Zimbabwe's inflation doubles up to 175%
Country stares hyperinflation in the face again
Zimbabwe’s inflation, the second highest in the world after Venezuela, has almost doubled in June, courtesy of high fuel and power prices.
According to figures from the government statistics agency, inflation for June went up to 175,66% from 97,85% in May.
Inflation has proved a thorny problem for Zimbabwe, facing its worst economic crisis since 2009.
In addition to high inflation, Zimbabwe is experiencing 16-hour power cuts a day as well as shortages of foreign currency, medicines and basic foods.
At the weekend the price of fuel went up by almost 20%, creating more inflationary pressure in the economy.
According to latest figures from the Zimbabwe National Statistics Agency (ZIMSTAT), the surge in inflation was largely driven by food inflation which jumped to 251.10 points from 126.30 points the previous month.
ZIMSTAT said transport inflation went up from 106.60 to 123.80 points while on a month-on-month basis, the consumer price index rose 39.26% in June compared to 12.54% in May.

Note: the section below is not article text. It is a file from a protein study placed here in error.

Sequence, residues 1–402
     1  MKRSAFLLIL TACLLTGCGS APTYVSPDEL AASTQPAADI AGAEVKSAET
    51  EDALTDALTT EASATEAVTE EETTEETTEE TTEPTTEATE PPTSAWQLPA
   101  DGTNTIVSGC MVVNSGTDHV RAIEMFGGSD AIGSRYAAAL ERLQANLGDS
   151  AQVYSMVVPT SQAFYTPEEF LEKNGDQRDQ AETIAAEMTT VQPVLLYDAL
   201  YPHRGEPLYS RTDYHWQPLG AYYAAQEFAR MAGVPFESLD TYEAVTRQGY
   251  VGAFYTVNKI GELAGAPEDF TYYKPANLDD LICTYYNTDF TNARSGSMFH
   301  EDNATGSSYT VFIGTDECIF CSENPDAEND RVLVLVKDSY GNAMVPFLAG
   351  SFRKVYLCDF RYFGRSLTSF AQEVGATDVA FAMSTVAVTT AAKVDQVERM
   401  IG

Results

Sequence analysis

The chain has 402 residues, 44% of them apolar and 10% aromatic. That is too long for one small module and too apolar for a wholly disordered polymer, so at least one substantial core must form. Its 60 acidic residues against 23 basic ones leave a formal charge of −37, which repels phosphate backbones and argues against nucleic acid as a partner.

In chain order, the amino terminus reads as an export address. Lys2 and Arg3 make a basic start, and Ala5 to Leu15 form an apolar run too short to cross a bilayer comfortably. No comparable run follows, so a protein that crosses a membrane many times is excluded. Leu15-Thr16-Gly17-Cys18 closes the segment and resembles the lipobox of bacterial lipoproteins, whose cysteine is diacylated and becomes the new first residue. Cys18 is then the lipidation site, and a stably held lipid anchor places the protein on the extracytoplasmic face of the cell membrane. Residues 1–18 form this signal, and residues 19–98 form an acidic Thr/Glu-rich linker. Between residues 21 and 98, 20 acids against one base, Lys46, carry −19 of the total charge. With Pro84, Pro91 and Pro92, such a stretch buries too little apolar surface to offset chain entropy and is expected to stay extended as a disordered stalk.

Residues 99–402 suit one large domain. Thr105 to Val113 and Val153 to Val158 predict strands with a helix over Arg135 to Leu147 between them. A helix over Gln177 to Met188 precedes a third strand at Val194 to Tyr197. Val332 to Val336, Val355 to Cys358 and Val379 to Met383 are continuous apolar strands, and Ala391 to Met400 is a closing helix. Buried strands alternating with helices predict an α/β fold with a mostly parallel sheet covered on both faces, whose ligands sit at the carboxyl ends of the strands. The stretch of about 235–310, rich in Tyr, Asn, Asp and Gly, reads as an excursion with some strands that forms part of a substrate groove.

There are fears the country will slide into hyperinflation.
Speaking to Business Day in Harare, economist Eddie Cross said government policies had contributed to the spiralling inflation.
“The chances of falling into hyperinflation are real now. The real reason why there has been such inflation is that the interbank market (for trading of foreign currency) has not been working to the maximum. Authorities need to put more policies and build more confidence to get the banks and other players to start trading on the market,” he said.
Last month the country announced the surprise move of adopting use of a local interim currency, ditching the rand and US dollar-dominated multi-currency system that had been in place since 2009.
The introduction of the interim local currency is yet to pay off, as the unit has continued to fall against the US and currently trades at 1:10 with the greenback.
Zimbabwe has been facing a currency quagmire in the past three years after it introduced a surrogate local currency dubbed bond notes in 2016 initially pegged at 1:1 with the US dollar.
After failing to sustain the 1:1 peg with the US dollar, several experiments on the currency have failed to yield positive results leading to high inflation and eroding of workers’ incomes.
Government workers currently earn basic salaries that are the equivalent of US$50 a month, owing to the country’s currency crisis.